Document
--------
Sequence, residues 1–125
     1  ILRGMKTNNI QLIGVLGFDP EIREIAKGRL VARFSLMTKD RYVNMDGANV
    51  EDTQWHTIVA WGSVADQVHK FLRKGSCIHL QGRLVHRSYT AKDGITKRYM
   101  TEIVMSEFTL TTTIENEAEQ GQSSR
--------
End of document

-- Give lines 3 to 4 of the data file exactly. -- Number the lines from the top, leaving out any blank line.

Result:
    51  EDTQWHTIVA WGSVADQVHK FLRKGSCIHL QGRLVHRSYT AKDGITKRYM
   101  TEIVMSEFTL TTTIENEAEQ GQSSR